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On Saturday November 23, 2013, the School Board-University e (SURE) Network hosted the IGNITE: Research-to-Practice Festival at the Faculty of Education, Western University. This was the third Research-to-Practice Festival in the series of four festivals organized in the Southwest Ontario, funded by the Social Sciences and Humanities Research Council through the Public Outreach grant.Over 45 teachers, graduate students, ministry personnel, faculty of education instructors, researchers and research officers, School Board research officers, and research Librarian attended the event, making it quite a success.

The festival began with an inspirational, keynote speech by Doris McWhorter, Director of Research and Evaluation Strategy Branch, Ministry of Education. Doris’ presentation on Thinking-Like-a-Researcher showed connections among educational research designed and utilized by policy makers, by teachers and by academics. She illustrated continua and hierarchies of evidence and how these related to knowledge mobilization.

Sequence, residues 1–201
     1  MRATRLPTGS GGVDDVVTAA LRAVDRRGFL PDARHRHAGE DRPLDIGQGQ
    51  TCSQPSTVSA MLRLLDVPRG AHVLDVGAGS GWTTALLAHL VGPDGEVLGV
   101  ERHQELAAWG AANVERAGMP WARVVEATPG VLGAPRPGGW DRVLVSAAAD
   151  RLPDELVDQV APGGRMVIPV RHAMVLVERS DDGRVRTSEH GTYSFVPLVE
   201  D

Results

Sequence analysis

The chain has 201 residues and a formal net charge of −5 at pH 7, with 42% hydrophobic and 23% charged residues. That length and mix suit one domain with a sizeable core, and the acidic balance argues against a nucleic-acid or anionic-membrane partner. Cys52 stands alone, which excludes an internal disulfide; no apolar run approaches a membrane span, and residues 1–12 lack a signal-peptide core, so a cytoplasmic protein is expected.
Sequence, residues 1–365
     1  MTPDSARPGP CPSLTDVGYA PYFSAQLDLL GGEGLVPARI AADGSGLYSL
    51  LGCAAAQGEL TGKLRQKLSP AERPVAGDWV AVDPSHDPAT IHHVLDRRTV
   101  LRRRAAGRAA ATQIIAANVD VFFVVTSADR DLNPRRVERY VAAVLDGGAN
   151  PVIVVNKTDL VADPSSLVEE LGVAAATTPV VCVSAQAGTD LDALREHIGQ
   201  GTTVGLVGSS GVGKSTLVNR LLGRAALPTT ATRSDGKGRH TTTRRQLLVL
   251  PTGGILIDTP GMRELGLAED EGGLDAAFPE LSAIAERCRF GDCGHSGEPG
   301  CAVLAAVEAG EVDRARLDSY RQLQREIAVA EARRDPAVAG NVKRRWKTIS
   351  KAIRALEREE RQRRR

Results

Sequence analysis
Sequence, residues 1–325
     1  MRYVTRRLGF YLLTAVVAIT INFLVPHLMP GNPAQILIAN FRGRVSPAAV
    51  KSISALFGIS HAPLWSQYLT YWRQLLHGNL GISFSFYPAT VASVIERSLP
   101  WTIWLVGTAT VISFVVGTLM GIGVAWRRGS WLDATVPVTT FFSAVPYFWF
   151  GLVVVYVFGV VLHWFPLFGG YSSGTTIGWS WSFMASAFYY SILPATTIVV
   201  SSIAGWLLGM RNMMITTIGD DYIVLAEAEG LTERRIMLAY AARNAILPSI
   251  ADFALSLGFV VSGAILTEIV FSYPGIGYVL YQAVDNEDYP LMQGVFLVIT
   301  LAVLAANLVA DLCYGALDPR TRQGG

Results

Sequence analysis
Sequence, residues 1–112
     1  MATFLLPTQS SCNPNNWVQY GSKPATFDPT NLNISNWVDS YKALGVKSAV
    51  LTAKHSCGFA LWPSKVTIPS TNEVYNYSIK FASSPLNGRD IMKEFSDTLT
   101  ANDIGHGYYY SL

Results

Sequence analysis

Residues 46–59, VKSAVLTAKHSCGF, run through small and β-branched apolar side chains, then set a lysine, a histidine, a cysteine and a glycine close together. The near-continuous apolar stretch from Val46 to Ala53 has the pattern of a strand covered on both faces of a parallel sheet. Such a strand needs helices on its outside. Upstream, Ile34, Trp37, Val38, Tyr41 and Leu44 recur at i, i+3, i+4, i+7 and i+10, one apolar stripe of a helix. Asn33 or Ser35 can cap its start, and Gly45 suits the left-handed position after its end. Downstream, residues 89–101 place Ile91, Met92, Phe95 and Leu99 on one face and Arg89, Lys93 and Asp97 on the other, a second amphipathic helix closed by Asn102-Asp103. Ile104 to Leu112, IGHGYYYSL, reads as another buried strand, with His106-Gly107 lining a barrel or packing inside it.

Afterwards, participants were invited to attend one of five breakout sessions of their choice, facilitated by researchers and research officers from London District Catholic school Board, Western, Windsor and Brock Universities. The five themes for these sessions were: Thinking like a researcher; Teacher research-forms and possibilities; Ethical teachers, ethical researchers; Models of collaboration; and Research reports: Easy access, efficient utilization. These sessions provided an opportunity for participants to network, watch a SURE video, view research posters, and discuss pertinent issues on the theme. There was an air of innovative dialogue and critical thinking as the participants actively engaged in the sessions.

Upon completion of the morning breakout sessions, participants attended a sing-a-long performance, Math songs for all ages by George Gadanidis with a team of musicians, Ryan Casselman, Ian Parliament and Alexander Gadanidis. What a novel way to share and celebrate research with teachers that is changing what it means to learn, to teach, to research and to tell stories about school mathematics and science.

The concert was followed by lunch, which allowed for further networking opportunities among participants. Two more breakout sessions then followed, allowing participants the opportunity to attend more theme-focused sessions. The event concluded with reflections. Overall, participants networked, consulted, shared, and celebrated research by, for and with teachers. It was a festival at which and key conversations about research were initiated and thinking about research ignited.